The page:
Under the legislation, the royalty cap would be increased to a high of 25 percent on future leases. The State Land Office currently can charge up to 20 percent.
The measure introduced Tuesday also calls for royalties to be paid on vented and flared gas.
Industry experts say the proposal could push more development to federal lands.
The oil boom in southeastern New Mexico hasn't slowed down, and a recent study by the U.S. Geological Survey suggests parts of the Permian Basin hold even more potential.
New Mexico Considers Lighter Punishment For Drug Possession- Associated Press
Democratic state lawmakers in New Mexico are proposing to reduce drug possession offenses from felony to misdemeanor classification in an effort to decrease incarceration costs and more effectively treat addiction.
A bill introduced Tuesday by Democratic Sen. Jacob Candelaria of Albuquerque and Rep. Andrea Romero of Santa Fe would reclassify as a misdemeanor the possession of drugs including heroin, cocaine, methamphetamines and various psychedelics when there is no intent to distribute or traffic.
The initiative follows the example of reforms in states such as Oklahoma, Connecticut, Alaska and California.
Candelaria says felony penalties for possession of trace amounts of illegal drugs are dividing families and preventing access to gainful employment and public housing.
New Mexico Chief Public Defender Bennett Baur says prosecutors would retain discretion over the severity of charges.
New Mexico Governor Joins Alliance Against Climate Change– Associated Press
The Democratic governor of New Mexico is committing the state to aggressive targets for reducing greenhouse gas emissions and endorsing goals of the 2015 Paris climate agreement to limit global warming.
Gov. Michelle Lujan Grisham signed an executive order Tuesday that sets in motion new efforts to encourage renewable energy development, improve energy efficiency for buildings, improve air quality and possibly set new vehicle emission standards.
She said the state will pursue a 45 percent reduction in the emission of heat-trapping gases by 2030. The goal is benchmarked to 2005 emission levels.
President Trump has pulled the U.S. out of an international agreement that seeks to limit global warming to 2 degrees Celsius (3.6 Fahrenheit). Lujan Grisham is joining an alliance of state governors seeking to combat climate change.
New Mexico 'Open Primaries' Bill Passed House Committee-Associated Press
A New Mexico proposal that would allow independent voters to participate in the state's primary elections has passed its first test.
The New Mexico House Consumer and Public Affairs Committee voted 3-2 to move along a bill sponsored by Democratic Rep. Natalie Figueroa that would let "decline-to-state" voters cast ballots in either the Democratic and Republican primaries.
The committee's two Republicans opposed the measure.
Proponents of the bill say open primaries would allow more voters to participate in primaries.
But Republican Rep. Candy Spence Ezzell says the open primary proposal would be "an absolute nightmare" for county clerks offices.
About 22 percent for registered voters decline party affiliations in New Mexico. State law requires voters to register with a party 28 days before participating in a primary election.
New Mexico Bill To Rename Columbus Day Clears Hurdle- Associated Press
A New Mexico proposal that would trade the Columbus Day holiday for a tribute to Native Americans instead has cleared another hurdle.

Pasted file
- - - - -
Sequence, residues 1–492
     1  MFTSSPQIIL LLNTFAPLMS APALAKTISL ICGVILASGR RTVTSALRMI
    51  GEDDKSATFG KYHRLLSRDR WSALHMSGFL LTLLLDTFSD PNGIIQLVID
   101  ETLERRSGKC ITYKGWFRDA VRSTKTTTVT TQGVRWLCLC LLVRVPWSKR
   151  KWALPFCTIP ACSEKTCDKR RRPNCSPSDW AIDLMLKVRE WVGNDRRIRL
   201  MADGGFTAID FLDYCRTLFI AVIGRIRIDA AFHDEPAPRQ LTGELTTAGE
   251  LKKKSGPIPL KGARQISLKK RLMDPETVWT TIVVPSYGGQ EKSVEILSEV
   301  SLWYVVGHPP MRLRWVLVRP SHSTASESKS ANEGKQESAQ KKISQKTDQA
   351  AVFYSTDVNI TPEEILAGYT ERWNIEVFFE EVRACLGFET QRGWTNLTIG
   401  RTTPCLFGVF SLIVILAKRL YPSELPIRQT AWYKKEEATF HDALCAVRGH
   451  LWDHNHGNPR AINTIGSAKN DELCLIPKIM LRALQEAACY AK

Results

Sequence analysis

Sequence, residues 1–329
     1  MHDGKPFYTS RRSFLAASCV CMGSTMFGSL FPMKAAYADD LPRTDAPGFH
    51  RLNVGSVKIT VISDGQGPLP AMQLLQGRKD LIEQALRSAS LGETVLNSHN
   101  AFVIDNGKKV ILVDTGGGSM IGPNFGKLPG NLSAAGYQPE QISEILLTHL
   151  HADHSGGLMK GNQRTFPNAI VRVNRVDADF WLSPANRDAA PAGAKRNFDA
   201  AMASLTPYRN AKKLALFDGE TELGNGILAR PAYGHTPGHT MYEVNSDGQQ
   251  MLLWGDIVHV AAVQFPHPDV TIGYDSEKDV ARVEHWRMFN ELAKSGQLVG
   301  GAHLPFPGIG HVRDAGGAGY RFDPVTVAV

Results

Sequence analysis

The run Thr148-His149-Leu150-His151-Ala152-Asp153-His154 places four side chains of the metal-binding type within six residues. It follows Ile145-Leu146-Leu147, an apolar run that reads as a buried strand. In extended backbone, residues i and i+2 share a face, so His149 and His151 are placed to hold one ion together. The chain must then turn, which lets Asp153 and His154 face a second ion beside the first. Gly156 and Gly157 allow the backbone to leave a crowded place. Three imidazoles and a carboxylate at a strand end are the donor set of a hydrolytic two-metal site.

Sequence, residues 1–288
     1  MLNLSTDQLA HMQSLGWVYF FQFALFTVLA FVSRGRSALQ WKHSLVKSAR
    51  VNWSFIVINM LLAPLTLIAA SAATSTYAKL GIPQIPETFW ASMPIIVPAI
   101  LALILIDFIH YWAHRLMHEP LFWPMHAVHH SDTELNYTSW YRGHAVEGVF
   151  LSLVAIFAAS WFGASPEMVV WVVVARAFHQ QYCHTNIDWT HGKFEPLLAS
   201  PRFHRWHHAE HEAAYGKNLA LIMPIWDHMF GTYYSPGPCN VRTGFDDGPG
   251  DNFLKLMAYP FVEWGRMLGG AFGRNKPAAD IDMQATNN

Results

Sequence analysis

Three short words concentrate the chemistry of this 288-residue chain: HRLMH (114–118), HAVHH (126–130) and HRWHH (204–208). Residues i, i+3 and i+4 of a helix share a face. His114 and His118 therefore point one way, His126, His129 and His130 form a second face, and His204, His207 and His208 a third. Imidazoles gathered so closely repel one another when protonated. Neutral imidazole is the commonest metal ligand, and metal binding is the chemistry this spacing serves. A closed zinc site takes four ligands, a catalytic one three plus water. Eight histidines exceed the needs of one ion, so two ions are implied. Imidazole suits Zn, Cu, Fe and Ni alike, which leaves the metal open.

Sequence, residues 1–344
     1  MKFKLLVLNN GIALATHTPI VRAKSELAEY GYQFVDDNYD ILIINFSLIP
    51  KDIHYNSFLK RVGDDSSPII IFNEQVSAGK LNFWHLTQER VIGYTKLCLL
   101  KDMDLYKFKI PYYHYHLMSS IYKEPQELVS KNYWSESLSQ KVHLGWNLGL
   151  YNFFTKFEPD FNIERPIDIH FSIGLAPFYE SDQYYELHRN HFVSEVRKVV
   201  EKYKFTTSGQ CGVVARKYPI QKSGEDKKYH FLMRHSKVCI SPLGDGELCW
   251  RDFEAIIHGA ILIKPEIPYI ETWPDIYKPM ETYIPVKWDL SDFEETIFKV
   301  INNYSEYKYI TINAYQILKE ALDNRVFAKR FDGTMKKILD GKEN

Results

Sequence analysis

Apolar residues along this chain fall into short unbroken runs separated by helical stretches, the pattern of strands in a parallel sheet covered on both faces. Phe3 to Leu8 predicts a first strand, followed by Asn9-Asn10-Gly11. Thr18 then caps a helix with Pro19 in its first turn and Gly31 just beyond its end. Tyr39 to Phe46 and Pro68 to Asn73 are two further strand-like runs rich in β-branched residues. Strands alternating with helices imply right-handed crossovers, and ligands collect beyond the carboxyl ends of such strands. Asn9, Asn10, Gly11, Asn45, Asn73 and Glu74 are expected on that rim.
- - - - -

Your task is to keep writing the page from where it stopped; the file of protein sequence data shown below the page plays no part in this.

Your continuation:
The New Mexico House Consumer and Public Affairs Committee unanimously passed Tuesday a measure to rename Columbus Day as Indigenous Peoples' Day.
Sandia Pueblo tribal member and Democratic state Rep. Derrick Lente sponsored the bill that renames the state holiday celebrated on the second Monday in October.
He says the tribute to explorer Christopher Columbus should be dropped in a state with 23 designated Native American communities.
But Republican Rep. Candy Spence Ezzell says she was concerned the attempt to rename Columbus Day was linked to the effort to remove Confederate Monuments.
At least five states have done away with Columbus Day celebration in deference to Native Americans, though the federal Columbus holiday remains in place.
New Mexico Bill Would Prohibit Right-To-Work Ordinances- Associated Press
Democratic lawmakers in New Mexico are supporting a measure that would prohibit local governments from enacting right-to-work ordinances, arguing that the state should have exclusive jurisdiction over the issue.
After an hours-long hearing Tuesday, a House panel voted 6-3 along party lines to advance the legislation.
The U.S. Supreme Court ruled last year that government workers can't be forced to contribute to labor unions that represent them in collective bargaining. The ruling involved an Illinois state worker who argued that everything unions do, including bargaining with the state, is political and employees shouldn't be forced to pay for it.
In New Mexico, several counties have approved ordinances that prevent employees from being required to join a union or pay union fees.
Union leaders contend the ordinances create confusion and are undermining the labor groups.
Officials Say Vandals Hit New Mexico School With Vegetable Oil- Hobbs News-Sun & Associated Press
A New Mexico high school was forced to delay classes after authorities say vandals slipped onto campus and poured vegetable oil throughout the hallways.
The Hobbs News-Sun reports the slick attack at Eunice High School in Eunice, New Mexico, reportedly occurred late Sunday and forced custodial staff to race Monday morning to clean up the mess.
Principal Tracy Davis says surveillance cameras captured six people wearing black clothing with hoodies and gloves pouring the vegetable oil on floors. Davis says the greasy attackers gained entrance through an unlocked classroom window.
Officials alerted parents and students via social media that classes were delayed until staff removed the oil.
No arrests have been made.
Eunice is about 327 miles southeast of Albuquerque.